New Prohibitions on Contingent Fee Contracts for Tax Audit Purposes
The General Assembly recently added North Carolina to this list. HB 462 (as modified by Section 61.5(b) of SB 847) enacts two broad prohibitions related to the use of contingent fee contracts by local governments.
First, as of July 1, 2013, a county may not compensate a person or firm hired to assist the property tax assessor in the performance of the assessor’s duties “in whole or in part, on a contingent fee basis or any other similar method that may impair the assessor’s independence or the perception of the assessor’s independence by the public.” A county, for example, will not be able to pay a private entity on a contingent fee (or similar) basis to aid the tax assessor in discovering real or personal property subject to taxation or otherwise identifying other property taxes owed to the county (or owed to any unit of government, district, or authority for which the county collects taxes). The prohibition against contingent fee (or similar) payment methods also extends to any other work that a person or firm may do to assist the county assessor.
Second, again as of July 1, 2013, neither a county nor a municipality may employ an agent to aid in determining the liability of any taxpayer for a tax “who is compensated in whole or in part by the [local government] for services rendered on a contingent basis or any other basis related to the amount of tax, interest, or penalty assessed against or collected from the taxpayer.” This prohibition applies not only to property taxes, but to any taxes imposed and/or collected by a county or municipality, including (but not necessarily limited to) privilege license taxes, local sales and use taxes, supplemental school taxes, special district taxes, animal taxes, rental car gross receipt taxes, short-term heavy equipment rentals taxes, occupancy taxes, local real estate transfer taxes, prepared food taxes, motor vehicle license taxes, county vehicle registration taxes, transportation sales and use taxes, disposal taxes, and franchise taxes. Thus, if a local government hires a tax audit firm to help it identify unpaid or underpaid taxes the unit must pay the audit firm on a flat fee basis that is not tied in any way to the amount of revenue identified or collected. Under a flat fee compensation scheme, a local unit will bear some or all of the risk that no or very little additional revenue will be collected as a result of the audit firm’s efforts.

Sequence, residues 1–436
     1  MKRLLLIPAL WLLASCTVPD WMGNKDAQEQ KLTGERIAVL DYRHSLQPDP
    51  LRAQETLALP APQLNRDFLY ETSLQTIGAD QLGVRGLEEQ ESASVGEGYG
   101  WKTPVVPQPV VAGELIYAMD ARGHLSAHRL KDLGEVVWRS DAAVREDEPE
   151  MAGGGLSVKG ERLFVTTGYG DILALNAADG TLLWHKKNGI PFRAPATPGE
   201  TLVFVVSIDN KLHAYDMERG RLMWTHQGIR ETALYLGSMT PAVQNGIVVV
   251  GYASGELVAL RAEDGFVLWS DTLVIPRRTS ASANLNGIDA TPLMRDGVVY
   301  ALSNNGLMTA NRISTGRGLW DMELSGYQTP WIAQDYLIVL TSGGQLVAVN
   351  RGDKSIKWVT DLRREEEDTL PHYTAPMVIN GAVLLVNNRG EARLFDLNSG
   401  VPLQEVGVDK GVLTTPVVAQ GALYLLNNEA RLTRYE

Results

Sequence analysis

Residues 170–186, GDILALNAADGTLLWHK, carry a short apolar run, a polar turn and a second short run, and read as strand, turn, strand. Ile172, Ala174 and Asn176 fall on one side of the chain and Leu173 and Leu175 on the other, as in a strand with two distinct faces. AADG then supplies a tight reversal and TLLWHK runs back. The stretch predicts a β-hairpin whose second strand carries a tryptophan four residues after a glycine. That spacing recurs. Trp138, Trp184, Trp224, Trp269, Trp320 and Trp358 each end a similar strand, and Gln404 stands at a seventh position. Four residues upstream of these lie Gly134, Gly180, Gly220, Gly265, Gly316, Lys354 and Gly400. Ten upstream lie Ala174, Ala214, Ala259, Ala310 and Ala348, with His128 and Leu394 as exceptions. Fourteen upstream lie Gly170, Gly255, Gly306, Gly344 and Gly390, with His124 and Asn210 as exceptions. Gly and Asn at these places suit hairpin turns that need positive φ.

Note that the prohibition against using contingent fee contracts only applies if the audit firm is determining the liability of a taxpayer for a tax. A local unit is free to pay an audit firm on a contingent fee basis to identify and collect additional fee or special assessment revenue owed to the unit. A municipality also may pay an audit firm on a contingent fee basis to identify misallocations of tax revenue proceeds, as long as any allocation changes do not result in changes to individual taxpayer’s liability for the tax. (A county may enter into a similar agreement as long as the audit firm is not assisting the county tax assessor in any way.) For example, a local government may pay an audit firm on a contingent fee basis to determine if the unit is receiving its appropriate share of local sales and use tax revenue or state franchise tax revenue. The audit firm could not be compensated on a contingent fee basis if it discovers additional taxpayer liability while analyzing the aggregate tax revenue allocations, though. A unit would have to compensate the audit firm on a flat fee basis for that portion of the work.